Jordan Lyles is probably losing his rotation spot

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Jordan Lyles threw a complete-game shutout against the Brewers in his final outing last season to finish 5-12 with a 5.09 ERA. Now, that doesn’t sound very impressive, but he was just 21 years old and that he was an Astro explains the win-loss record. He entered camp this year penciled in as Houston’s No. 3 starter behind Lucas Harrell and Bud Norris.

Unfortunately, Lyles’ position in the rotation is now very much in doubt. He gave up six runs in two-thirds of an inning in his start against the Braves on Friday, elevating his spring ERA to 25.20. In three outings, he’s given up 20 hits and 15 runs — 14 earned — over five innings.

The Astros do have rotation alternatives, so Lyles will probably be Triple-A bound barring a massive turnaround in his next two starts. Philip Humber and Erik Bedard were the favorites for the last two rotation spots entering camp, with Alex White and John Ely next in line. They also have Edgar Gonzalez and Dallas Kuechel available as fallback options.

Count on Houston looking at any out-of-options starters placed on waivers later this month. The Blue Jays’ Brett Cecil is an obvious possibility. There are also guys like the Dodgers’ Chris Capuano and Aaron Harang, the Royals’ Luke Hochevar and Bruce Chen and the Rays’ Jeff Niemann available in trade talks. Rick Porcello, too, but the Astros don’t have the closer the Tigers are looking for and probably wouldn’t want to give up prospects for him.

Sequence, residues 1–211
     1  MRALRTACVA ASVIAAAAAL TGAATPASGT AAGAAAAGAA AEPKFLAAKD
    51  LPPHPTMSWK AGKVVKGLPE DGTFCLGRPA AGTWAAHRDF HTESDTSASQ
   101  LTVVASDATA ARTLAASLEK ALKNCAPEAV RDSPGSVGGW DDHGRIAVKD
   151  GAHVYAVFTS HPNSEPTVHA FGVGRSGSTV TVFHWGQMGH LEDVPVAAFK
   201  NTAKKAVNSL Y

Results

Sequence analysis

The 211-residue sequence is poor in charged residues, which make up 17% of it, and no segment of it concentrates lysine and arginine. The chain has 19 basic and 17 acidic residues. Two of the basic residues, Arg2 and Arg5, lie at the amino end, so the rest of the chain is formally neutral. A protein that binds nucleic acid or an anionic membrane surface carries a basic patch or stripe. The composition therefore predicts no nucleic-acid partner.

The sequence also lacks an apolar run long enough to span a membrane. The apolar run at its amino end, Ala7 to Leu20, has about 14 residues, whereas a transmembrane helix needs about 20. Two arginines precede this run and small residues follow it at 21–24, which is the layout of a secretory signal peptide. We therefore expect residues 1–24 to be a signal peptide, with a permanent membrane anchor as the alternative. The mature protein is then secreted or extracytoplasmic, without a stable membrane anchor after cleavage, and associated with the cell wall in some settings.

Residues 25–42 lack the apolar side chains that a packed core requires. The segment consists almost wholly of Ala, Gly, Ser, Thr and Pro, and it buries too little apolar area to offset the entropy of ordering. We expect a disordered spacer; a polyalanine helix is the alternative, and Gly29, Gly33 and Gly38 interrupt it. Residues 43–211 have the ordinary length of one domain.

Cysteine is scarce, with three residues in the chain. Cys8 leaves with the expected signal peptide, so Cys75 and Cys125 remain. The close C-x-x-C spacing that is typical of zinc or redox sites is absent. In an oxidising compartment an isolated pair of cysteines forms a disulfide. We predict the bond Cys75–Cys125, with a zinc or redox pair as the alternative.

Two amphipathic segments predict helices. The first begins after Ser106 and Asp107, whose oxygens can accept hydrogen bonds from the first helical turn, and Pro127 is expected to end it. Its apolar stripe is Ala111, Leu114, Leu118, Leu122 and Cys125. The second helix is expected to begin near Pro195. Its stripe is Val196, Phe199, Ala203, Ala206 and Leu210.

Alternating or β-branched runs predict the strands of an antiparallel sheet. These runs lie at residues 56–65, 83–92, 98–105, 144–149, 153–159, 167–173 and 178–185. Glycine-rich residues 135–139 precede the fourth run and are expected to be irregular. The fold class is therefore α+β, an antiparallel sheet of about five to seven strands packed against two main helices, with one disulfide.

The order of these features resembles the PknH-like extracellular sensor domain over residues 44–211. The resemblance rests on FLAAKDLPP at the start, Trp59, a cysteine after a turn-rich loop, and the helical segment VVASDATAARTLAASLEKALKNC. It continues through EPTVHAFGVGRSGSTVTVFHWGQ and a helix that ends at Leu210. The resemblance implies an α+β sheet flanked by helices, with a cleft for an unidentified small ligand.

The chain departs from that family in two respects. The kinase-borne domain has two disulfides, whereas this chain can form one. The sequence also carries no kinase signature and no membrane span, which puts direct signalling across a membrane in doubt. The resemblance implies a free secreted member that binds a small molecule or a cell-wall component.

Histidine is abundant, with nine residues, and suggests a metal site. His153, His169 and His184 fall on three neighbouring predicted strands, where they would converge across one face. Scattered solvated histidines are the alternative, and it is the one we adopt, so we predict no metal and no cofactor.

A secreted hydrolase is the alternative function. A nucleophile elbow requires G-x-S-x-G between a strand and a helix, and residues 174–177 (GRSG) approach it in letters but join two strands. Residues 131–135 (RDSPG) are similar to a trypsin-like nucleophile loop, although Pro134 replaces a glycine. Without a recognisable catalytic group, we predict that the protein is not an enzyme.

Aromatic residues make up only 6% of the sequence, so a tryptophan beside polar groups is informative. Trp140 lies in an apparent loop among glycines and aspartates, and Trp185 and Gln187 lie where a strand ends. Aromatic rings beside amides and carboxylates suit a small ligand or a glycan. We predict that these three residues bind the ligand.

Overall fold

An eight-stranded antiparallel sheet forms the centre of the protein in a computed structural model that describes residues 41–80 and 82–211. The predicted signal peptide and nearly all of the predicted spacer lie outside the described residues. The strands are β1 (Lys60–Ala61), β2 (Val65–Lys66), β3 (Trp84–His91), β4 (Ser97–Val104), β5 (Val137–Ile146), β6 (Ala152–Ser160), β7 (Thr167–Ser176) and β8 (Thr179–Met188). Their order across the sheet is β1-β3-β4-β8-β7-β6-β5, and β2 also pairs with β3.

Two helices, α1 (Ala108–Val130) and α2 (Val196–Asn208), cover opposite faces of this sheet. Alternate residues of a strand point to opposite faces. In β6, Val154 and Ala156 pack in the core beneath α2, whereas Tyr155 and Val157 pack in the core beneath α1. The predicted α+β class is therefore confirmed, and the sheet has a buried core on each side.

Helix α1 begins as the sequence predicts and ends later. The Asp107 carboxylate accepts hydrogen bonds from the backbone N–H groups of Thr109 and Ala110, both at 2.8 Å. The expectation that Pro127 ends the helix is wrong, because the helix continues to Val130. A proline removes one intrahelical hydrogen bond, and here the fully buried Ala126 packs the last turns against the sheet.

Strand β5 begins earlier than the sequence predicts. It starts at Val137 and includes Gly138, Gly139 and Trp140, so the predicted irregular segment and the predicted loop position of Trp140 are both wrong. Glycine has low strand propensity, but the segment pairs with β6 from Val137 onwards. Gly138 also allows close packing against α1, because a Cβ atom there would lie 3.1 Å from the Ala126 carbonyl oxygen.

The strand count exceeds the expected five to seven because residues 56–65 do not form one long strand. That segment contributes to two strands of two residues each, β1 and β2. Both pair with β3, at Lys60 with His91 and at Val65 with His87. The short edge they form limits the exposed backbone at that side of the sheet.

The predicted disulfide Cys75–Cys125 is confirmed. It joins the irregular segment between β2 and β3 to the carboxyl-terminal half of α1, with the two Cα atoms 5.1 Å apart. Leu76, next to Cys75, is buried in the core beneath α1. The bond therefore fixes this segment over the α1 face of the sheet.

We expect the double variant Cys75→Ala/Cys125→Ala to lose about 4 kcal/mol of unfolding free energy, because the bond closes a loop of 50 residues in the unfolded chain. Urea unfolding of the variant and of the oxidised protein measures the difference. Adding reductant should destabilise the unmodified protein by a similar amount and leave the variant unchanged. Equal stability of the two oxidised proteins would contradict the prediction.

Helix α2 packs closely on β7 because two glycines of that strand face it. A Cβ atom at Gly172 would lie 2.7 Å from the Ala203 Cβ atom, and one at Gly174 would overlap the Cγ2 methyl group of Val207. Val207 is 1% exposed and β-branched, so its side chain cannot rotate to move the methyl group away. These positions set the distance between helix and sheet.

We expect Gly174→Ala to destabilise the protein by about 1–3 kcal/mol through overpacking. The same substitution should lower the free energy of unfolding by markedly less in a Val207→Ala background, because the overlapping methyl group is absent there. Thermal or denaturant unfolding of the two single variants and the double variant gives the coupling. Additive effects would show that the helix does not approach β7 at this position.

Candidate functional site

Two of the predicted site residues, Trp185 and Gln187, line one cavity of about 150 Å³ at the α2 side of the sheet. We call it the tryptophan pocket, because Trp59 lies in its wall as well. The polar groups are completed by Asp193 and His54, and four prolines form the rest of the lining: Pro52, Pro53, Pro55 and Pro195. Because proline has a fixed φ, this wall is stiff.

Reds are the frontrunner for Nicholas Castellanos

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Jon Morosi of MLB.com reports that the Reds “have emerged as the frontrunner” to sign free agent outfielder Nicholas Castellanos. Morosi says the Reds and Castellanos “have made progress over the past several days.”

The Reds were going to have a lot of outfielders already when they hit Goodyear, Arizona in a couple of weeks, with newcomer Shogo Akiyama, Jesse Winkler, Nick Senzel, Aristides Aquino, Travis Jankowski, Scott Schebler, and Rule 5 draftee Mark Payton. Senzel was an infielder before last year, of course, so he could move back to the dirt, perhaps. And, of course, the Reds could trade from their outfield surplus if, indeed, they end up with an outfield surplus.

Without question, however, Castellanos would be the big dog, at least offensively, in that setup. He had a breakout year at the plate in 2019, hitting .289/.337/.525 overall (OPS+ 121), but slugging at a blistering .321/.356/.646 pace (OPS+ 151) after being traded from the Tigers to the Cubs. In Chicago — rescued from cavernous Comerica Park — his big doubles power turned into big homer power. If he were to sign to play half his season in hitter-friendly Great American Ballpark one can only imagine the damage he’d do.